If riflemen could be equipped with a standard round capable of reliably engaging targets up to 600-800m, such as something in the 6.5-6.8mm series, that has relatively high capacity, short action, light weight, and controllable recoil, ON THE CURRENT PLATFORM, then it would enable troops to use 1 standard ammunition type across many roles. In contrast we are currently seeing diversification of ammunition types, especially in special forces soldiers seeking more effective terminal ballistics than 5.56mm offers (real or perceived). I think a 6.5-6.8 solution would be an effective solution to these issues.



Much better.

It still seems to me, that the complaints of the 5.56 system primary arise from the use of short barreled m4s and m855 ammo, shooting at distances way beyond the fragmentation range. Why wouldn't correcting this issue,with redesigned ammo, not be a more prudent solution than a compete weapons and caliber change?
Link Posted: 9/30/2004 9:46:07 AM EST
[Last Edit: 9/30/2004 9:47:19 AM EST by arowneragain]

Originally Posted By brouhaha:

Originally Posted By -Absolut-:
that guy is certainly full of himself.



Indeed.



I guess when you guys earn the right, the world will allow you to be full of yourselves, too.

Meantime, I love the old guy.....he's earned the right to his opinions. And our military would be a lot better off if they listened to him more.



Edit.......whoever designed a new AR cartridge that does NOT use existing magazines really screwed the pooch. Dumb, I tell you.......
Link Posted: 9/30/2004 10:11:26 AM EST
Link Posted: 9/30/2004 10:17:19 AM EST

Originally Posted By Wobblin-Goblin:
In a perfect world, the .276 Pederson round would have been adopted for the Garand.

Interestingly, look at the situation we are in now. The more things change, the more they stay the same (ie, history repeats itself).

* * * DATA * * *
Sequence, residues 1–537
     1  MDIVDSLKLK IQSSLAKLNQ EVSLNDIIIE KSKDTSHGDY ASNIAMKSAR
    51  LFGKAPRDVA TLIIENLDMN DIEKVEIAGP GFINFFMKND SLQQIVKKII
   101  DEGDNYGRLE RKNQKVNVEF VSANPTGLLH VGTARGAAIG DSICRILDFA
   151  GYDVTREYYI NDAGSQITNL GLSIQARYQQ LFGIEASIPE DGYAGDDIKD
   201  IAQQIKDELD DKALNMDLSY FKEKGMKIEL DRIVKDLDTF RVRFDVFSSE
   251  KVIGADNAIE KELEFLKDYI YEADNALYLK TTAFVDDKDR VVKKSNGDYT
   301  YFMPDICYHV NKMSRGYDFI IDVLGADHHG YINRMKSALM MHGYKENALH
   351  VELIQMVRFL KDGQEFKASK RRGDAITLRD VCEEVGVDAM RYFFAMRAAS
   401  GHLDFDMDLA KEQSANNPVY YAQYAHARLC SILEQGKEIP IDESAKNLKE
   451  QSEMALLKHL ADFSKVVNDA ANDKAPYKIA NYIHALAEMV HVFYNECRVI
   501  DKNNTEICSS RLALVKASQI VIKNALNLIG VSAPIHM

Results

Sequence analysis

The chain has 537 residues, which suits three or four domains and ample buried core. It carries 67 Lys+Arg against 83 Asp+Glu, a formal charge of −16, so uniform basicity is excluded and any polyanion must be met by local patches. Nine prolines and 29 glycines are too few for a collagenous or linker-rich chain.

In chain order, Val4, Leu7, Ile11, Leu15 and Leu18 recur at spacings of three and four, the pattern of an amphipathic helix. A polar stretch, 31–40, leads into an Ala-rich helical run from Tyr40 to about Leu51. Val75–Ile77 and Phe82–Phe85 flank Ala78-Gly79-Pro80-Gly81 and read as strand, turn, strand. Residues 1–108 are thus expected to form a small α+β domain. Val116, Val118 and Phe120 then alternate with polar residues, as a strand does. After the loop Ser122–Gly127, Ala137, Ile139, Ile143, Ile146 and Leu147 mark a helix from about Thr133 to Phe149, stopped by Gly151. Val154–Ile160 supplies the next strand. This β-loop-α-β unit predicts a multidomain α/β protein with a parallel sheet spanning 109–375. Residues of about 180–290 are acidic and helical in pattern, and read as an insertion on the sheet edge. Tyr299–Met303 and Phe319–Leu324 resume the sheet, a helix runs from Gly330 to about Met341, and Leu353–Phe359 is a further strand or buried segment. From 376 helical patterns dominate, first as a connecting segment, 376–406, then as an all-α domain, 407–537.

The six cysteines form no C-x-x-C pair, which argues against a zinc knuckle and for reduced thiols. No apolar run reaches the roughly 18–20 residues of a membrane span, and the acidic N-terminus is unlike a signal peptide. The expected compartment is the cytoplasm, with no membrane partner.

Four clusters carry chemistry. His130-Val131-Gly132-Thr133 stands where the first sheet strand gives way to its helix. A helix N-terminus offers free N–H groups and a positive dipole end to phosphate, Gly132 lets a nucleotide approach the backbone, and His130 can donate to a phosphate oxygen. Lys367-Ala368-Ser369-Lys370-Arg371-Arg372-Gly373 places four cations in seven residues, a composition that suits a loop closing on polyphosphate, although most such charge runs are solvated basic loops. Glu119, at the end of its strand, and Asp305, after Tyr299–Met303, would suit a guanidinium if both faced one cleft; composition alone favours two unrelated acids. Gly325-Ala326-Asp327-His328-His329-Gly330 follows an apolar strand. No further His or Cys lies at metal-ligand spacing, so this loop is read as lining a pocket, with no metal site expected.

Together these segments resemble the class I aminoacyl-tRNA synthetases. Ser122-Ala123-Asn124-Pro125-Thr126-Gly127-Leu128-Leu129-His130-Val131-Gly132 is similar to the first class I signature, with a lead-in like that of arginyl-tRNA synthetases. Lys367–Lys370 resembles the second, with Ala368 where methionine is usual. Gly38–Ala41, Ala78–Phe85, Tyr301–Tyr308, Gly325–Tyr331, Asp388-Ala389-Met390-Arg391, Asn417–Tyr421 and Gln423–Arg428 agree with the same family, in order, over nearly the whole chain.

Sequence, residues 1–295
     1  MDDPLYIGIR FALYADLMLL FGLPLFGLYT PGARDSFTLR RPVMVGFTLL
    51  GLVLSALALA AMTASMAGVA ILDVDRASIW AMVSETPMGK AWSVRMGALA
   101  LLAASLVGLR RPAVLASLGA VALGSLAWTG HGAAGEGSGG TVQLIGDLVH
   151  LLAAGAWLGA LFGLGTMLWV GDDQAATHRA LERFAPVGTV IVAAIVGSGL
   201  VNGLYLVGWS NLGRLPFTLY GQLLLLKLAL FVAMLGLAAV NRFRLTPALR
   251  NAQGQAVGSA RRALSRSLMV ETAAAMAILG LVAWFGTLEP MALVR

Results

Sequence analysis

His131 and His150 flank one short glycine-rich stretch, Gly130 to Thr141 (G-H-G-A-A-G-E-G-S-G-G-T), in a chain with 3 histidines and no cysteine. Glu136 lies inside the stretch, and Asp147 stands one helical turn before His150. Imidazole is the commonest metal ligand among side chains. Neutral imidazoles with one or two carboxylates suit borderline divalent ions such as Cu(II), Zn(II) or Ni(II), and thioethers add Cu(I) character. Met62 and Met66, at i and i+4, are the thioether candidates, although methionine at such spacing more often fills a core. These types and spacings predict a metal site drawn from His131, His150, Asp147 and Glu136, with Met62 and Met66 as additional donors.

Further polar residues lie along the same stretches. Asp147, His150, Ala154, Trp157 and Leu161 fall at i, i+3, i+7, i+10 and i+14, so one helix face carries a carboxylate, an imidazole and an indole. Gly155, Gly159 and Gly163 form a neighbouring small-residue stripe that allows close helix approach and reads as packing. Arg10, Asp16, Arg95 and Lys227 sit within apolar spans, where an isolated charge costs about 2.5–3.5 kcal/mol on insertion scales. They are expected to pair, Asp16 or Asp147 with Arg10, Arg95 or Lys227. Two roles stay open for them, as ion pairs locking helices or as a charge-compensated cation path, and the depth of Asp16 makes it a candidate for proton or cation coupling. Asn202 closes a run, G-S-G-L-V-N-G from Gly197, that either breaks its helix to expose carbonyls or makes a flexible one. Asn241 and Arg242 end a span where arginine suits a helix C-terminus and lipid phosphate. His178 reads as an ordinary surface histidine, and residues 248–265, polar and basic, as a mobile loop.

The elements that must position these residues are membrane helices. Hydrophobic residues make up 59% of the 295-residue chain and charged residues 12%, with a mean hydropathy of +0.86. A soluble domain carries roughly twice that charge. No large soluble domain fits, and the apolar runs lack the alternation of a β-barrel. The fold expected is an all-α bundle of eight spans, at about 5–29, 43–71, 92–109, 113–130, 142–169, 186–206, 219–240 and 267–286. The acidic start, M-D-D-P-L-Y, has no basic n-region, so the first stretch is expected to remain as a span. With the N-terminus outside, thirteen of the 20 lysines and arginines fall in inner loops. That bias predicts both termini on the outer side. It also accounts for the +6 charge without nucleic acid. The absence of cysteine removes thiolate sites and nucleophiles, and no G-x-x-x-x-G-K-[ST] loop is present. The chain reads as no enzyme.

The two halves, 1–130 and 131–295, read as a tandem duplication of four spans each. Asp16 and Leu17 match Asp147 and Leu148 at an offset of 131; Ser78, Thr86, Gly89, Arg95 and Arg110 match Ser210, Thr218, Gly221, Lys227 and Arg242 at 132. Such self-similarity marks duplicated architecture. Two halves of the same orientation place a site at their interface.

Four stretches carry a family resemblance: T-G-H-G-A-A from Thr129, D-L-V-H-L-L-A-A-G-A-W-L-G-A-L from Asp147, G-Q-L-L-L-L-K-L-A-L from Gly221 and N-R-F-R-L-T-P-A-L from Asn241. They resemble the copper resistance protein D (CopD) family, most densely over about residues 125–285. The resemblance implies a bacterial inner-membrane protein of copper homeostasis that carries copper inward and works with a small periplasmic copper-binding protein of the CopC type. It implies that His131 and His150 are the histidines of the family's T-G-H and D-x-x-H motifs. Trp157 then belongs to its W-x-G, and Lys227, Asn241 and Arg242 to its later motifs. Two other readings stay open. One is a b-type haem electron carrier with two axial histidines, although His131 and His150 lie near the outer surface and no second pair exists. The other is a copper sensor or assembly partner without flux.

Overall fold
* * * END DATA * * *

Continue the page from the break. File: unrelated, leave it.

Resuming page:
I THINK I read something in a American Rifleman magazine about the .276 Pederson... Basically that the cartridge (not the bullet) was ballistically inferior, and not a good choice for a main battle rifle. However, I think it's demise was a logistical decision by the Army, because they had plenty of .30-06 left over from WWI, and didn't want to change any of their other weapons, or have a rifle that used different ammunition. In the end, it made sense.

Would have been neat to have a 10 round Garand, tho.
Link Posted: 9/30/2004 10:24:45 AM EST

Originally Posted By Troy:
The whole reason 5.56 was originally adopted is because it was demonstrated that a much smaller bullet could still be effective if it was fired at very high velocity. But the military believes it needs shorter rifles, and the average barrel length of a combat soldier has been getting shorter and shorter. The Army's standard barrel length has dropped from 20" to 14.5", and if the XM8 is adopted, it will drop futher to 12.3". Spec-Ops folks are commonly using 10.5" barrels. Rifles and ammo are a SYSTEM, and if you make significant changes to one, you're going to have a big effect on the other.

The facts are that 5.56 ammo just does not give the needed performance in these rifles. Even the best ammo has a very limited effective (meaning: fragmentation) range. And there's really not much that could be done to make it any more effective.

The 6.8mm SPC was developed with a good understanding of the above issues. From a 12" barrel, fragmentation range exceeds 100m. From a 20" barrel, expect 300+m. That's a HUGE improvement. In fact, in virtually any ballistics category you use to compare, the 6.8 beats any 5.56 load except for recoil, which is obviously increased with the 6.8.

It would also make an outstanding DM cartridge. Testing on the Army's instrumented range turned in 1 MOA groups at 600m from a 16" barrel in the hands of good shooters. THAT is effective accuracy.

5.56 would be okay if you could convince everyone to go back to 20" barrels as standard, and 16" barrels minimum for carbines, but that is obviously never going to happen. So, changing the caliber is the only other solution.

-Troy



Except even anicdotal evidence that the 5.56 is inadquate has largely dried up or been disproven.

Its true that the 6.8 works better in jelly, but so does some of the 7.62mm cartridges like Hirtenburger and AMAX. But the Haji seem to die just as quickly with M855 as anything else.

ACOGs seem to have increased effectiveness much more than any ammo change, even the M262.

And as I said in the other thread on this, 5.56 has only about another 10 or so years of life before the rest of the world catches up on us in body armor technology. There has been ZERO published evidence that 6.8 penetrates armor any better than 5.56 or 7.62. So it would be obsolete too, with a shorter service life than even .30 Krag had.

What is really needed is a straight cased .40 cal cartridge on a about 2" long case, telescoped or semi-telscoped firing a long 6.5-7mm diameter serrated tungstin rod in a discarding plastic sabot.